Shift toward more unstructured physical activities could be pandemic legacy, researchers find
Researchers at Western's Child Health and Physical Activity Lab spoke to families across the province
"As COVID expanded and became a global pandemic in March 2020, we wondered what that means for children's physical activity, because kids use sports, indoor facilities, arenas, and parks to get active, and all of those things closed," said Monika Szpunar, a research with the lab.
Would parents turn to going for hikes or other outdoor activities to keep active, or would they bring out the screens, researchers wondered?
"Screen time went up exponentially," Szpunar said. "A lot of parents reported that they kind of just let go with regard to policing screen time because it was the only thing for their kid to do, especially during the deep, deep, dark lockdowns in winter of 2020 and 2021."
Researchers interviewed kids and parents about their experience during the pandemic, and most of the kids said they really missed their friends and coaches, as well as tournaments when those were gone. Parents missed organized sports, too, because they bring a chance to socialize with others, they told researchers.
'Shifted weekly schedules'
"They frequently mentioned going outside instead of what they used to do, especially for families who didn't have outdoor space. For example, people living in apartments or condos, they'd go to different parks or drive further to head somewhere to go outside."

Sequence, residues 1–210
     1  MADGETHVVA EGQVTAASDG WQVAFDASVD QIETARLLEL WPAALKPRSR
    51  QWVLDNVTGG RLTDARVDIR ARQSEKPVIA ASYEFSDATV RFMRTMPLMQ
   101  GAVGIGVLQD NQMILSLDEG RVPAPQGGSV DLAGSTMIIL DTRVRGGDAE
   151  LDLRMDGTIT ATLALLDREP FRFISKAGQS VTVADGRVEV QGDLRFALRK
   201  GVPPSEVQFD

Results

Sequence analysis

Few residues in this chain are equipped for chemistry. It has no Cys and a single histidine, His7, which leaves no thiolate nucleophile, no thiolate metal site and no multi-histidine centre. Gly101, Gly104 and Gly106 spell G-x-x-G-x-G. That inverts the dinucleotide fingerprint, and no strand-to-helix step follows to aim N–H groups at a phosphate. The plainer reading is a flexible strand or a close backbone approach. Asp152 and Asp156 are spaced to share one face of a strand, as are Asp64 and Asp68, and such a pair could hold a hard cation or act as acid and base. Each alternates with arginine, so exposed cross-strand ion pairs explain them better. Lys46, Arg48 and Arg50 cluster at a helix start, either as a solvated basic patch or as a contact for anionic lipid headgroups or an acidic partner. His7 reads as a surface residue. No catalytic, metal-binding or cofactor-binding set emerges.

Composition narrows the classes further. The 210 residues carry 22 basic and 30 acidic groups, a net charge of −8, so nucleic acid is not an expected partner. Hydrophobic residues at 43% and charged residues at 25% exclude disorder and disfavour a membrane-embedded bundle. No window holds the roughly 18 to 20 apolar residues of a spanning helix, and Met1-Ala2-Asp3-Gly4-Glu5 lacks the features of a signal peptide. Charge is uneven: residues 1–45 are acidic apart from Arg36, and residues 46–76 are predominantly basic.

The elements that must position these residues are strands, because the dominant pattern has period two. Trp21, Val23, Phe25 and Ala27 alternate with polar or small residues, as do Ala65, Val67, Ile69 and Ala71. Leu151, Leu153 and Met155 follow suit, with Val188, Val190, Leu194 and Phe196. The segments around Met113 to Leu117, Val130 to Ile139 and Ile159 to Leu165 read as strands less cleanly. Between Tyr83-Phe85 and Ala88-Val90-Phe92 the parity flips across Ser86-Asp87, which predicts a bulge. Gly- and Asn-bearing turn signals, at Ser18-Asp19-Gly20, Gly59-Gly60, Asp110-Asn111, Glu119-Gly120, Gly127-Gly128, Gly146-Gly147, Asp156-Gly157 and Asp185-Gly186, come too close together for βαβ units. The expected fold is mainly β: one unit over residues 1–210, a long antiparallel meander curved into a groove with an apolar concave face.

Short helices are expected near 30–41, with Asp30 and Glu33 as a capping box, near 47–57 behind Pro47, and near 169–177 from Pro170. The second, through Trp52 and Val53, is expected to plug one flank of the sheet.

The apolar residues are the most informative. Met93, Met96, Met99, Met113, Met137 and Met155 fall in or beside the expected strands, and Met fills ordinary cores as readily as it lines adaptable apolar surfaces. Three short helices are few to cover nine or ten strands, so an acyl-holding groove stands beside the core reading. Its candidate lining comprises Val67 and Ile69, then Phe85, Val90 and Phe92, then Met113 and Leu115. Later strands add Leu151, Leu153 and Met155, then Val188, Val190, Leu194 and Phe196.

With pandemic restrictions largely lifted, families have begun to filter back to organized sports, but they've also been rethinking how much time they spend doing that, they told researchers.
"A lot of people have said that they've totally shifted their weekly schedules. They realized how much time it took to drive to hockey or sports camp after work, pick the kid up or spend time at those facilities," Szupar said.
"Whereas now, they can just pack their bike and go for a long bike ride and reach the same benefits of getting active. We noticed that in both parents and children that activities have moved from structured to unstructured."
The initial findings are based on a study in which families were interviewed. Researchers are also combing through a more extensive study of 1,300 parents in Ontario and their activity habits.